The alginate industry is concentrated into fewer producers than the agar industry so the number of buyers of alginophytes is quite small compared to the market for agarophytes. Nevertheless the alginate producers are still competitive in their buying. They need to secure their sources and like to draw their supplies from a variety of geographic areas so that if one is affected by climatic conditions (e.g. El Niño) there are alternative supplies available. Following recent mergers and acquisitions in the industry, there are now four major alginate producers in Europe and the United States of America; two in Japan; and a smaller one in each of Chile and Indonesia. There are about 20 producers in China, though many are of the cottage industry type; they use mostly Laminaria japonica cultivated in China, but the larger processors also buy seaweed from Chile.

The large alginate producers need to ensure continuity of supply of raw material. The original factories were established where the seaweed was available and any sources located near each producer are usually contracted to that producer. Thus the seaweeds in Ireland and Scotland go to the factory in Scotland; the Norwegian Laminarias go to the Norwegian factory in Haugesund; and the giant kelp, Macrocystis, on the coast of California, United States of America, goes to the factory in San Diego. The brown seaweeds in Chile are the main source available to any buyer, and there are limited supplies of Ecklonia maxima available from South Africa. There are many exporters listed in the Export Directory of ProChile under two items that include both red and brown seaweeds.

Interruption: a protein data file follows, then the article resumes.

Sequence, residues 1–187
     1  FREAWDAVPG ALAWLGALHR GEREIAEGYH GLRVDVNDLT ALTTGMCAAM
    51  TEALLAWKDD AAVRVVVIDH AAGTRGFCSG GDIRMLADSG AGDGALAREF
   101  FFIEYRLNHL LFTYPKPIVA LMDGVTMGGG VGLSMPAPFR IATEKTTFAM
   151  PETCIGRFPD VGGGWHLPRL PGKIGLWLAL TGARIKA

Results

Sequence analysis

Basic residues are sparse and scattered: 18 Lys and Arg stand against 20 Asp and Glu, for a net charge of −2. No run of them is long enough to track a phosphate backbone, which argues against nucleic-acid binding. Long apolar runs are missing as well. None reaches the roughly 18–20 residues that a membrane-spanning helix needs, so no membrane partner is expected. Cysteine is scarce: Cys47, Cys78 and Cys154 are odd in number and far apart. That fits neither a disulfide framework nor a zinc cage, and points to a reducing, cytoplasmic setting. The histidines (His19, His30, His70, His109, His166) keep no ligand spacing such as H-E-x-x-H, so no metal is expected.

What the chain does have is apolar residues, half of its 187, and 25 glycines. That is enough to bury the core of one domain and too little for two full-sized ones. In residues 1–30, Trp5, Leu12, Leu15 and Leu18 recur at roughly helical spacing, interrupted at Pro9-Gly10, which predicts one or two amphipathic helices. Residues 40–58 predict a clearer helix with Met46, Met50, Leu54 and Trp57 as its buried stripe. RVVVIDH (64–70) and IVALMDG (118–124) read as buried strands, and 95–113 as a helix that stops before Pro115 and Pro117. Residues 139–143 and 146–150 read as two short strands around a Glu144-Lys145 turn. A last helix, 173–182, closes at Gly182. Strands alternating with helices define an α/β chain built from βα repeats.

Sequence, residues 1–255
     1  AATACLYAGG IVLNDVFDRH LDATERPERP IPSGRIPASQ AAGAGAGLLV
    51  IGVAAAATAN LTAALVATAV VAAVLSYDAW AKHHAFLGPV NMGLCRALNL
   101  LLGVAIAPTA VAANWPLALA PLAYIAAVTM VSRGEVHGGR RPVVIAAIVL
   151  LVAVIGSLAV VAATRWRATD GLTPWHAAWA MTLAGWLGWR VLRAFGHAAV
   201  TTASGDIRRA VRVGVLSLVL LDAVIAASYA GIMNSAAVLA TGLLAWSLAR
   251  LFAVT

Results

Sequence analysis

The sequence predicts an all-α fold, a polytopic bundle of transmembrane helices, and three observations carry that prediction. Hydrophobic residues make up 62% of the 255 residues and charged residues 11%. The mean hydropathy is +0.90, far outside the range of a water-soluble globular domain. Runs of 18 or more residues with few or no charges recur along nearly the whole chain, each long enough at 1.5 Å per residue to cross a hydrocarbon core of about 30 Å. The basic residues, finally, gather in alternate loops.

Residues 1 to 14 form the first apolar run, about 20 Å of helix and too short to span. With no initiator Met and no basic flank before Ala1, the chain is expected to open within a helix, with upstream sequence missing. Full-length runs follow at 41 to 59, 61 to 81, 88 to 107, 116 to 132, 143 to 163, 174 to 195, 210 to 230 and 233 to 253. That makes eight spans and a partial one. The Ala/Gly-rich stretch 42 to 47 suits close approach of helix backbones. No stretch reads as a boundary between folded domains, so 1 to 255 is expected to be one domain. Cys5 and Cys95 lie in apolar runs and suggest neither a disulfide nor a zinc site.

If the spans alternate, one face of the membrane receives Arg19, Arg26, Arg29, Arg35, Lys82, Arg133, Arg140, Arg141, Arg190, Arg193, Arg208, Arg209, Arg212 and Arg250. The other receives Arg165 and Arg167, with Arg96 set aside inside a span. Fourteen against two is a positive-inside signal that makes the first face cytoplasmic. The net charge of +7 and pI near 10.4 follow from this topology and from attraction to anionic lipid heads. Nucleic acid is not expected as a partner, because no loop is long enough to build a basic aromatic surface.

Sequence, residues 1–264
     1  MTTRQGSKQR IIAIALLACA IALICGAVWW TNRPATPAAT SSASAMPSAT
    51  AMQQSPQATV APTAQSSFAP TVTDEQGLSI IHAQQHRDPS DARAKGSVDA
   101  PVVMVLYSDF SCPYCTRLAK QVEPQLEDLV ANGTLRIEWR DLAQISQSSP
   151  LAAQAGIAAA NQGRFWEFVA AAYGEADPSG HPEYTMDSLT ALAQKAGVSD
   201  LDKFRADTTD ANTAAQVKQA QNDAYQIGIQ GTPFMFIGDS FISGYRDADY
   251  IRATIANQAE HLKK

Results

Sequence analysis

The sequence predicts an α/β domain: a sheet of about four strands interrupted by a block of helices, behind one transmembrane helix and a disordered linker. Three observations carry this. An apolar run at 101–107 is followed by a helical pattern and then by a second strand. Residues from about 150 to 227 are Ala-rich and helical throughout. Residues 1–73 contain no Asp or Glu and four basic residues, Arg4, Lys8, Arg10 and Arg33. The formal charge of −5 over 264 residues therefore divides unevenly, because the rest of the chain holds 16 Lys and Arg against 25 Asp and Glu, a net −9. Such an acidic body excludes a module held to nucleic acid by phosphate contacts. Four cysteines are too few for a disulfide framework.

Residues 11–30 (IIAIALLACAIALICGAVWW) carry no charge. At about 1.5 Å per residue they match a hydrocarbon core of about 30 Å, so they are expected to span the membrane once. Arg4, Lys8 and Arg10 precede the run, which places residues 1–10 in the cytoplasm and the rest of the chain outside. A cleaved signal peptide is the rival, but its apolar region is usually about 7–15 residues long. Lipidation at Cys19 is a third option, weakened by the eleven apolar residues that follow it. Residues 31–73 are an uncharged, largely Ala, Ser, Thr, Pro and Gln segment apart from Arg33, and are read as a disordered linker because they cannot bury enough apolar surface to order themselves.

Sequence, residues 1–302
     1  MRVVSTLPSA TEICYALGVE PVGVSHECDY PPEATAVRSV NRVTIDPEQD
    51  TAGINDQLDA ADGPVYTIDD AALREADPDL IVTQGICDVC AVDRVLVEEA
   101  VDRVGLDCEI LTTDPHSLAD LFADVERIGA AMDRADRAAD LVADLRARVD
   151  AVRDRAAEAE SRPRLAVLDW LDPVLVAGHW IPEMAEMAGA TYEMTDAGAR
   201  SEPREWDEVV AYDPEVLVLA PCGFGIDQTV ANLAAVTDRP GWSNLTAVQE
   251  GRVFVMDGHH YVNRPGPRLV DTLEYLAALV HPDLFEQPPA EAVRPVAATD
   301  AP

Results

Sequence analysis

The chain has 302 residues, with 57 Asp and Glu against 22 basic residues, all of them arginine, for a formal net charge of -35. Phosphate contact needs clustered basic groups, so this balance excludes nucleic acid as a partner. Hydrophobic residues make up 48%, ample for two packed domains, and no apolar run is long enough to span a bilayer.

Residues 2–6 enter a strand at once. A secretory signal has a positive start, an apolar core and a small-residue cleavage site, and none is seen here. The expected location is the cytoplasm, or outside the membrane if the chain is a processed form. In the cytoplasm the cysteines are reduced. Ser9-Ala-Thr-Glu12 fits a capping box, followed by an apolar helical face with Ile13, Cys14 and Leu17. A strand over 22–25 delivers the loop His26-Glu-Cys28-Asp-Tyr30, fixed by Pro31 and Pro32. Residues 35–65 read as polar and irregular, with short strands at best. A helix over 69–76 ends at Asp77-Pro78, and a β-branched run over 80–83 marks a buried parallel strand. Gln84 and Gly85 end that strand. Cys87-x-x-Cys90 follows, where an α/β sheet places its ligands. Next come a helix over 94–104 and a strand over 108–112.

The following export brown seaweeds; there may be others in the ProChile lists.


Alimentos Multiexport S.A., Santiago.
Comercial Cisandina Chile Ltda., Santiago.
Algas Chile Ltda., Tocopilla.
Algas Vallenar S.A., Vallenar.
Seaweeds Chile Lcsa, Chiguayante.

South Africa

Taurus Products (Pty) Ltd, Johannesburg

Alginates from different species of seaweed often have variations in their chemical structure, resulting in different physical properties. For example, some may yield an alginate that gives a strong gel, another a weaker gel; one may readily give a cream/white alginate, another may give that only with difficulty and is best used for technical applications where colour does not matter. There are more reasons why alginate producers prefer to buy a mixture of species of seaweeds, this allows them to blend their products to give properties to suit particular uses. So, price permitting, normally there is a market for any brown seaweed that will yield an alginate of medium to high viscosity or high gel strength. Price must include the cost of transport to the processor's factory and that rules out some rich natural beds, such as those found in the Falkland Islands, Chatham Island (New Zealand) and the Kerguelen Islands.

4.8 Future prospects

At present, with a worldwide recession, demand for alginate is flat, but will improve as economic conditions recover, particularly in the textile industry. Because the supply of brown seaweeds from southern California-Baja California and Chile can be curtailed, sometimes severely, by El Niño events, processors are always interested in finding new sources. Well-dried brown seaweeds can also be stored for lengthy periods, so processors are willing to stockpile their raw materials. There appears to be a steady market for alginophytes, though not one that will expand very rapidly.